When Zhivago is later reunited with Lara at the front, where she is serving as a nurse, they fall in love while working together at a makeshift field hospital. They don't consummate their love until after the war, when they meet again in the town of Yuriatin.
Meanwhile, Lara's fiance Pasha is presumed killed in action, but he's actually a prisoner of war. He escapes from the Nazis and joins the Bolsheviks, becoming a ferocious Red Army general known for his executions of prisoners.
Pasha is nicknamed Strelnikov, which means "the shooter." He's really not a Bolshevik, he just likes to shoot prisoners and hopes that the war will end soon so he can return home to Lara.
After falling from grace and losing his position in the Red Army, Pasha returns home and hopes to find Lara waiting for him. By this time, however, she has taken off with Komarovsky. Pasha has a long talk with Dr. Zhivago, then commits suicide. The loss of Lara causes Zhivago's life to go downhill as well.
Zhivago has two children with another woman, but is haunted by his memories of Lara. He tries to write, but fails to complete any of his writing projects. He becomes absent-minded, erratic, and physically ill. Lara finally returns to Russia - on the day of Zhivago's funeral.
Dr. Zhivago raised the ire of Soviet authorities with its negative depictions of Soviet communism and the Red Army. As a result, it could not be published in the Soviet Union. So, Pasternak had a friend smuggle the manuscript out of the country. It was first published in Italy in 1957.
The novel became an overnight sensation and was quickly translated into various languages and published throughout the non-communist world. From 1958 to 1959, the American edition of Dr. Zhivago spent 26 weeks at the top of the New York Times bestseller list.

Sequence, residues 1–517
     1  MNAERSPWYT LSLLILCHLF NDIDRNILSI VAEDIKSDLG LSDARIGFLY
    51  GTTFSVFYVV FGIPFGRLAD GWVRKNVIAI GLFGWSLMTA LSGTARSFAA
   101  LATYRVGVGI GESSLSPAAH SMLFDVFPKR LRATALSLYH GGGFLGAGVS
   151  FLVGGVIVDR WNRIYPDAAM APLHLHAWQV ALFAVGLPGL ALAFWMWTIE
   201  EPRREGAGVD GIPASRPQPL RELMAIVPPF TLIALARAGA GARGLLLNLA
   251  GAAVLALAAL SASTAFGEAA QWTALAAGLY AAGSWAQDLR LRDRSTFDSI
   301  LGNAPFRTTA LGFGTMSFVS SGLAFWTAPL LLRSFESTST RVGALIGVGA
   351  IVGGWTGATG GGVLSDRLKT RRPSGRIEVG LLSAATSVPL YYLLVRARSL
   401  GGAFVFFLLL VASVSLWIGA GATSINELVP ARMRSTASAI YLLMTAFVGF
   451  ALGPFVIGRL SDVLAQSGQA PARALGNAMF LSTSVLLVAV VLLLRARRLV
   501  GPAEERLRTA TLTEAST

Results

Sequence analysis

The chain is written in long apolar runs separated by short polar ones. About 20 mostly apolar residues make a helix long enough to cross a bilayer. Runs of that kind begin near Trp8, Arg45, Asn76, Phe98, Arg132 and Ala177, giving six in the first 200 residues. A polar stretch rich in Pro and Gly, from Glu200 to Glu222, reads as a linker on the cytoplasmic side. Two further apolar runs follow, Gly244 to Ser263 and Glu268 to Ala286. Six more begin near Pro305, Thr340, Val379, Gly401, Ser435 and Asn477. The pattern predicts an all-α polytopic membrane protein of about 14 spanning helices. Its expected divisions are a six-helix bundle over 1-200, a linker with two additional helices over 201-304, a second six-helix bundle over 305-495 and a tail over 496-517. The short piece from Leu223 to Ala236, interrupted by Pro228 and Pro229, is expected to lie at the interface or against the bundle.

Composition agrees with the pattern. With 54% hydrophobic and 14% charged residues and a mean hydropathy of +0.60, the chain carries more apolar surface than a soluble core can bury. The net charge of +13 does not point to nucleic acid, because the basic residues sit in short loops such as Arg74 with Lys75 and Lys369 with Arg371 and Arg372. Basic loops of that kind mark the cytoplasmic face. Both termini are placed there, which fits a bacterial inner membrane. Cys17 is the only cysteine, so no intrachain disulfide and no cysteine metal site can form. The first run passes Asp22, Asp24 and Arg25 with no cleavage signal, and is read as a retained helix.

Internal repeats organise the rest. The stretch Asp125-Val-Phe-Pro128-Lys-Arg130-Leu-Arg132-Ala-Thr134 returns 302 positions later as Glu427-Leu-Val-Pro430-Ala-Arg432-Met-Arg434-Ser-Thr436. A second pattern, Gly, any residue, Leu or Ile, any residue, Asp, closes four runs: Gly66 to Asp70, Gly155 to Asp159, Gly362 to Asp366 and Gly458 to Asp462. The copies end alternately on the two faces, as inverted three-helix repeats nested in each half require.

Soviet literary critics, who never read his novel, called for Pasternak to be expelled from the Soviet Union, demanding that the authorities "kick the pig out of our kitchen-garden."
A Russian edition of Dr. Zhivago was published secretly in 1958 and circulated underground. The costs of printing and distribution were paid for in part by the United States CIA.
That same year, despite pressure from Soviet authorities, the Nobel committee awarded Pasternak a Nobel Prize in Literature for his novel. He thanked them, but refused to accept the award, for fear of losing his Soviet citizenship and being exiled. Over 30 years later, Pasternak's son Yevgeny accepted the award for his father.
In 1965, a feature film adaptation of Dr. Zhivago was released. The big-budget Hollywood epic starred Omar Sharif in the title role and Julie Christie as Lara.
Featuring an all-star supporting cast and masterfully directed by David Lean, the film became a huge hit with critics and audiences, despite the fact that Robert Bolt's screenplay condensed and sanitized the novel.
The movie grossed more than ten times its huge budget of $11,000,000, or about $85,000,000 in today's money. The score, composed by Maurice Jarre, remains one of the most popular and best selling film soundtracks, with Lara's Theme being the best loved piece.
Today, Dr. Zhivago is rightfully considered an all-time classic film. Unfortunately, Boris Pasternak never lived to see it. He died of lung cancer in 1960 at the age of 70.
In 2006, another adaptation of Dr. Zhivago premiered on Russian TV. It is considered more faithful to Pasternak's novel than the Hollywood movie.
Quote Of The Day
"Poetry is a rich, full-bodied whistle, cracked ice crunching in pails, the night that numbs the leaf, the duel of two nightingales, the sweet pea that has run wild, Creation’s tears in shoulder blades." - Boris Pasternak
Today's video features a short documentary on Boris Pasternak. Click on the words "Watch this video on YouTube." Enjoy!